Around Christmas time in Sweden, one of the biggest celebrations is St. Lucia's Day (or St. Lucy's Day) on December 13th. The celebration comes from stories that were told by Monks who first brought Christianity to Sweden.

St Lucia was a young Christian girl who was martyred, killed for her faith, in 304AD. The most common story told about St Lucia is that she would secretly bring food to the persecuted Christians in Rome, who lived in hiding in the catacombs under the city. She would wear candles on her head so she had both her hands free to carry things. Lucy means 'light' so this is a very appropriate name.

December 13th was also the Winter Solstice, the shortest day of the year, in the old 'Julian' Calendar and a pagan festival of lights in Sweden was turned into St. Lucia's Day.

St. Lucia's Day is now celebrated by a girl dressing in a white dress with a red sash round her waist and a crown of candles on her head. Small children use electric candles but from about 12 years old, real candles are used!

The crown is made of Lingonberry branches which are evergreen and symbolise new life in winter. Schools normally have their own St. Lucia's and some town and villages also choose a girl to play St. Lucia in a procession where carols are sung.

A national Lucia is also chosen. Lucias also visit hospitals and old people's homes singing a song about St Lucia and handing out 'Pepparkakor', ginger snap biscuits.

Small children sometimes like dressing up as Lucia (with the help of their parents!). Also boys might dress up as 'Stjärngossar' (star boys) and girls might be 'tärnor' (like Lucia but without the candles).
 Here is a beautiful clip of this ceremony.

The words mean:
Night walks with a heavy step
Round yard and hearth,
As the sun departs from earth,
Shadows are brooding.
There in our dark house,
Walking with lit candles,
Santa Lucia, Santa Lucia!
Night walks grand, yet silent,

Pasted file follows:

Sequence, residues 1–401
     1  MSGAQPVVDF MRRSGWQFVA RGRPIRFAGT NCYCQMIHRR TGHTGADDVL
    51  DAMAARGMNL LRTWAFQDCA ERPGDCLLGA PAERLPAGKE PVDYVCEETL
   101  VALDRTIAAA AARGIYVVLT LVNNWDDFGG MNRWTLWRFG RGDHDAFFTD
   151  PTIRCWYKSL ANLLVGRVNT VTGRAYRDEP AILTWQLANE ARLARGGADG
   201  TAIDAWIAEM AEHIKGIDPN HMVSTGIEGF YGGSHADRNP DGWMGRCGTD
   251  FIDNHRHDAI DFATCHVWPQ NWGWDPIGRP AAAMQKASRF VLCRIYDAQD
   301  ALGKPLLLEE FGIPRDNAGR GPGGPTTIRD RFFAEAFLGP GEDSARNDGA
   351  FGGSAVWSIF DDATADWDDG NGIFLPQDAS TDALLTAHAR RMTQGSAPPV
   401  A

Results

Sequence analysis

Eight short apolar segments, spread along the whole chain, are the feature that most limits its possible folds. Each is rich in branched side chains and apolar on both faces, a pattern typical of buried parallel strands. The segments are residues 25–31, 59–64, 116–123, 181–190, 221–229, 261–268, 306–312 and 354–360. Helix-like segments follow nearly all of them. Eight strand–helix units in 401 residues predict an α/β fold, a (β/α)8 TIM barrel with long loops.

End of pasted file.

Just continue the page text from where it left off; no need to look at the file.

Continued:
Now hear its gentle wings,
In every room so hushed,
Whispering like wings.
Look, at our threshold stands,
White-clad with light in her hair,
Santa Lucia, Santa Lucia!
Darkness shall take flight soon,
From earth's valleys.
So she speaks
Wonderful words to us:
A new day will rise again
From the rosy sky…
Santa Lucia, Santa Lucia!

There is a deep innate sense hard-wired into all of us that, for every Winter there will be a Spring;  for every end there will be a new beginning; for every despair there will be new hope; for everyone left alone there will be new love.
When the night has been too lonely
and the road has been too long,
and you think that love is only
for the lucky and the strong,
just remember in the winter
far beneath the bitter snows
lies the seed that with the sun's love
in the spring becomes the rose.
 "The Rose" Amanda McBroom (sung by Bette Midler)
And for all this, nature is never spent;
There lives the dearest freshness deep down things;
And though the last lights off the black West went
Oh, morning, at the brown brink eastward, springs—
Gods Grandeur by Gerard Manley Hopkins 

We know about the carbon cycle and the water cycle; we know the Laws of Conservation of Mass and Energy; Syd Barrett paraphrases the I-Ching: "Things cannot be destroyed once and for all." Even the cells of our bodies die and are replaced while our lives carry on. In astronomy. stars and planets are born out of the dust of supernovae, and if the planets have life, that life is made of stardust. How inspiring that our beautiful Earth and all its plants and animals were born out of the death of a star.